Characterized by the intensity of its Prussian blues or cyan blues, the cyanotype has provided Claire Trotignon with an ideal opportunity in which to further develop her graphic work.
Availability date: 2015-07-07
Claire Trotignon (France, b. 1985) is proving to be one of the most talented artists of her generation. Her entire practice revolves around a questioning of the codes upon which our reality is based. Through series of drawings, collages, maquettes and installations, she continually jeopardizes the present by playing openly with the aesthetic categories of the past.
Sometimes certain old methods allow today's artists to create surprising images of modernity. This isparticularly the case with cyanotype, a photographic printing technique invented in 1842. Characterized by the intensity of its Prussian blues or cyan blues, the cyanotype has provided Claire Trotignon with an ideal opportunity in which to further develop her graphic work, in a new dimension. Made up of fragments of old prints, of architectural elements directly resulting from post-modernity, the ensemble of 5 prints creates a stunning landscape, marked by the explosions which give the composition its unique dimension. Even if these works are sold separately, they still form a coherent ensemble of an undeniable visual power.
|Reference||Trotignon Sursis des pléiades|
|Size||40 x 110 cm|
|Justification||Signed and numbered|
|Technique||Ensemble of 5 panels (separate)|
The artist was born in 1985 in Paris, where she lives and works. She graduated with honours from the École supérieure des beaux-arts in Tours in 2008, and has become one of the most talented artists of her generation.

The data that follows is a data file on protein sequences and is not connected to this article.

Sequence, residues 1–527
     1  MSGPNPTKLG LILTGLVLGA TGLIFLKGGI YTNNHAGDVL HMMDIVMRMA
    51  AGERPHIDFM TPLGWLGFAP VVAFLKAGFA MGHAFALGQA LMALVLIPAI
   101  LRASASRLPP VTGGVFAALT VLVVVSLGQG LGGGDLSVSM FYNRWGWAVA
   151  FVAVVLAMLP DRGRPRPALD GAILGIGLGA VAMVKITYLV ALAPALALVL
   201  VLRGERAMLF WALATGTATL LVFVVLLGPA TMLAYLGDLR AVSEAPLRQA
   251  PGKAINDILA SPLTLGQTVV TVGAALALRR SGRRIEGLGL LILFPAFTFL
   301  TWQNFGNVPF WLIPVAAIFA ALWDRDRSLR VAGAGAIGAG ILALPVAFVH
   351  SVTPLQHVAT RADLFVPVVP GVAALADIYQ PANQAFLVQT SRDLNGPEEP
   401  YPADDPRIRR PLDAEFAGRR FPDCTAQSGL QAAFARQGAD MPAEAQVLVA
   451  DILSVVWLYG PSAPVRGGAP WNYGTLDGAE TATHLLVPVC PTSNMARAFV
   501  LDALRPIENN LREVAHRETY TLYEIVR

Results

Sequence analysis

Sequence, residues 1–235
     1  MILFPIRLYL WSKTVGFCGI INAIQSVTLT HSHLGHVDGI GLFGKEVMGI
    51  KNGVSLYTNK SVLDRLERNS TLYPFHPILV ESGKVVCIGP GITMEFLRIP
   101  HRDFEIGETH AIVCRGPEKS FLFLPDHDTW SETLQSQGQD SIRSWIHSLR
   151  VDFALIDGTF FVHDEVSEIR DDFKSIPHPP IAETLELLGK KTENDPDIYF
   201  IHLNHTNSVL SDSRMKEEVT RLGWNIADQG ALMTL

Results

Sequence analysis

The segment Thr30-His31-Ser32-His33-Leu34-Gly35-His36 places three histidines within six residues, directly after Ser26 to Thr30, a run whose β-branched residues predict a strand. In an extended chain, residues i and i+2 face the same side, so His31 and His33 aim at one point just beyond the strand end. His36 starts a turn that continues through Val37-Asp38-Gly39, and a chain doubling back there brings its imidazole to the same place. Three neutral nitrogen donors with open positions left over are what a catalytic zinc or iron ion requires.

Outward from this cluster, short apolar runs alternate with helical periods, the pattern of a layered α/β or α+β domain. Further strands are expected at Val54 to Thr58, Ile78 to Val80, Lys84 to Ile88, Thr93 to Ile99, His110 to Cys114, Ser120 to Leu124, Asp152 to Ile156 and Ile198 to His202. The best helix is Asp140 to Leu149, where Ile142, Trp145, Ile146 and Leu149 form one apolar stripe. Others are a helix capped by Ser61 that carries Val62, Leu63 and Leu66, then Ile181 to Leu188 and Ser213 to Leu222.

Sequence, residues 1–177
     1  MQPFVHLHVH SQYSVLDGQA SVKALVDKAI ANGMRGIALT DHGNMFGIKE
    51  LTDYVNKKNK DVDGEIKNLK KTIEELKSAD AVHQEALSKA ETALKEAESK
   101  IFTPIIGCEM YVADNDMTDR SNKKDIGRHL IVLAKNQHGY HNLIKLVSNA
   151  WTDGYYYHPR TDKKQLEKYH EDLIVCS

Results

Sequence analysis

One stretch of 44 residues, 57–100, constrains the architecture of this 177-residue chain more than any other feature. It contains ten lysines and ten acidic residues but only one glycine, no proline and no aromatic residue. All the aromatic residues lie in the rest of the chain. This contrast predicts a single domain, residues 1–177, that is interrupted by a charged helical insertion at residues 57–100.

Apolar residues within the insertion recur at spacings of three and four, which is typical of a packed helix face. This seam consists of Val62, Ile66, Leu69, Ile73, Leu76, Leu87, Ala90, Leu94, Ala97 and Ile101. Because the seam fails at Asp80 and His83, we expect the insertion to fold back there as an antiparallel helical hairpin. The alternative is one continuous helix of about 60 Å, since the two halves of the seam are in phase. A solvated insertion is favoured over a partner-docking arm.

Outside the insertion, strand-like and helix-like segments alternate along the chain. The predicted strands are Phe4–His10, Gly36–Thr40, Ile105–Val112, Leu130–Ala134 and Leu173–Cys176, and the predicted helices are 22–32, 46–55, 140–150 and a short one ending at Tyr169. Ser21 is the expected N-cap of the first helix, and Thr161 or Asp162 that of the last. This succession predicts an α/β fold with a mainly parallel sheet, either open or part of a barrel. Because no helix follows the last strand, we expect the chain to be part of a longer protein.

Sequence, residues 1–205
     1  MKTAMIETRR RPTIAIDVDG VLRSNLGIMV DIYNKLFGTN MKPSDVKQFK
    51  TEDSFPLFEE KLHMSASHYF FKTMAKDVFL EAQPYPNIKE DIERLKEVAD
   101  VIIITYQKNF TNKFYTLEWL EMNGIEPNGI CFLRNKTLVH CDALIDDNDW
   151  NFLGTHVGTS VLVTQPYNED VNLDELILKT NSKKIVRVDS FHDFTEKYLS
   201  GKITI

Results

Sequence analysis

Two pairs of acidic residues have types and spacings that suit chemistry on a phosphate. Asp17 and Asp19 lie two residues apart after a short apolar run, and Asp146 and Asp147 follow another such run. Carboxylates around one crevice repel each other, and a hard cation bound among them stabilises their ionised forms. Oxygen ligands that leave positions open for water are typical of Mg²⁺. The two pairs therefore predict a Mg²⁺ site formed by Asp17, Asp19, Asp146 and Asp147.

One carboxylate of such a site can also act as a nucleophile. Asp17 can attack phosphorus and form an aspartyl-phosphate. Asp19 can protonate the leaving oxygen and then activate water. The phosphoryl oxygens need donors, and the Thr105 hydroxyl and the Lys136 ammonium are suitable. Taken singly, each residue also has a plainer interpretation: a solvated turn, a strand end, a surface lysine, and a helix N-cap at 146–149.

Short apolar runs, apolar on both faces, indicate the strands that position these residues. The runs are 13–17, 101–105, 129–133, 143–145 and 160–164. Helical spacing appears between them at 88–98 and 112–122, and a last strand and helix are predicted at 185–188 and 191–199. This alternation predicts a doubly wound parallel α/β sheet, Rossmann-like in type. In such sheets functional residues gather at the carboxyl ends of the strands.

The practice of collage in Claire Trotignon's work should be seen as a successful attempt to talk about our time, to talk about it in a different way. There is in her work a happy collision between elements belonging to the past and forms visibly coming from the future. Nothing in her works seems to speak of our present or even to refer to any events or mutations in our culture. She composes each of her landscapes from hundreds of fragments of 19th century engravings, which she cuts out meticulously before gluing, arranging and distributing them sparsely on an immaculate white background. Their assemblages shape rocky outcrops that take the form of mountains, cliffs, or are reduced to a few elements denoting a place with no precise location. And always, a tree, or even a grove, comes to fix the ladder. Around the infinite, the void, so present in this white that radiates while leaving things unsettled. In Claire Trotignon's work, emptiness is the very basis of the composition and refutes all forms of gravity. Things float freely, excluding any clearly defined horizon or even a constraining vanishing line. The frame therefore appears as an arbitrary cut-out.
Like real traps for the gaze, these collages are populated with architecture, or more precisely with the ghosts of constructions. From series to series, they have become more abstract to the point of being embodied just as much in the archaic structures of ancient peoples or taking on the minimalist evidence of utopian architectures, which they regularly adorn with touches of intense blue applied with a brush. These arches, these blind walls, these pits and esplanades, these endless perspectives evoke a levitating future world where reality seems to have lost all substance, scattered in the folds of time and therefore of our imagination. Claire Trotignon reaffirms that any landscape, especially an urban one, is above all a mental construction in which the stakes of representation in a given culture crystallise. By playing with the idea of history, of cycles, by calling upon non-Western modes of representation (one thinks in particular of Japanese prints), her collages ultimately produce an image where the past and the future seem to cancel each other out in the ruins of the present. For the landscapes that Claire Trotignon composes are obviously metaphorical and also refer to this break-up of our contemporary cultures.
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